Financial abuse of the elderly is an epidemic sweeping the country, with a record 24,454 suspected cases recorded in 2018 by U.S. banks, according to a report in The Wall Street Journal.
The number of cases has more than doubled over the past five years, and grew by 12 percent since 2017, according to data from the U.S. Treasury Department.
According to the Weinberg Center for Elder Justice, some $2.9 billion dollars is taken from older adults every year. The occurrence of elder abuse among older men is also on the rise.
“Anything having to do with elder financial abuse or exploitation affects a huge part of our customer base,” Rob Rowe, associate chief counsel at the American Bankers Association, told the Journal.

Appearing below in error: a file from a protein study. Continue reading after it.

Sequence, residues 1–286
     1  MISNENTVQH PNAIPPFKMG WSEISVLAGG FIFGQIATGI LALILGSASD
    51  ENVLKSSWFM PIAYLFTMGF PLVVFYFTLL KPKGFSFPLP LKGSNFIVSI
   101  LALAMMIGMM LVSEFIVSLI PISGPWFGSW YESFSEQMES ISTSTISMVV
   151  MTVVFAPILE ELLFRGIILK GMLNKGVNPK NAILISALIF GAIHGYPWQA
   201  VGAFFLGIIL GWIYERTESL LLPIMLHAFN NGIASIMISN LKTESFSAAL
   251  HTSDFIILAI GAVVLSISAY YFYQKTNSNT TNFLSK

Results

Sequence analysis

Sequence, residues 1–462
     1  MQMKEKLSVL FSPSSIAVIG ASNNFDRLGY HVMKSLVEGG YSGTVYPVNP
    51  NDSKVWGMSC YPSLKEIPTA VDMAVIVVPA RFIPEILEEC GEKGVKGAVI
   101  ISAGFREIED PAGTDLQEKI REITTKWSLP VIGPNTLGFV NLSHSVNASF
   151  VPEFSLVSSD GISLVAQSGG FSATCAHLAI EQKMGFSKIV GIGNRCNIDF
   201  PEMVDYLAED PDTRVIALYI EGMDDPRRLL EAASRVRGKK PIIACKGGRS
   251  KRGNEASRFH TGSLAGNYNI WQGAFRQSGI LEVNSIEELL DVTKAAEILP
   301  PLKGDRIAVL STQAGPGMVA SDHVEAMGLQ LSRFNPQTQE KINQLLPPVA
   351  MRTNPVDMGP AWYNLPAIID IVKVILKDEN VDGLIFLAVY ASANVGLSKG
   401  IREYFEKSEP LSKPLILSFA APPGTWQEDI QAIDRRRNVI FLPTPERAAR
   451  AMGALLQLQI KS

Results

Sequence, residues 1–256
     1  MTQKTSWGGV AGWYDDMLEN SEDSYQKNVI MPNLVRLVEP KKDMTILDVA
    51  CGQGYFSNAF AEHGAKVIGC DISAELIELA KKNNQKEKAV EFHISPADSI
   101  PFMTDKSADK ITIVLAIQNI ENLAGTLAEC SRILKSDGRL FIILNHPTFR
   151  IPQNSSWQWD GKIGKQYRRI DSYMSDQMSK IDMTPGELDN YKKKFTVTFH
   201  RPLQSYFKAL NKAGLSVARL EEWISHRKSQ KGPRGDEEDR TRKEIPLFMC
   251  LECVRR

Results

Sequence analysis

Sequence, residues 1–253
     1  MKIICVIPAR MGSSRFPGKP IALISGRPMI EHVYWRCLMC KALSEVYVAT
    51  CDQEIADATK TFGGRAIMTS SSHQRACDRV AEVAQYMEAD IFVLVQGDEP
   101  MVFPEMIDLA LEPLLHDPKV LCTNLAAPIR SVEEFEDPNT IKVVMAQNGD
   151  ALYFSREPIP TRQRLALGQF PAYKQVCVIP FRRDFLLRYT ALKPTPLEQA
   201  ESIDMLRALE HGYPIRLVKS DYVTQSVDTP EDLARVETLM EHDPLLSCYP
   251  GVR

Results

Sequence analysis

Congress last year passed a bipartisan banking reform package that enlists financial institutions as allies in the fight against financial abuse of older adults by allowing professionals to report suspicious activity to law enforcement without fear of being sued, and some states, per the Journal, allow a more aggressive approach.
In Texas and Tennessee, bank employees can refuse or delay transactions when elderly customers request suspicious money transfers.
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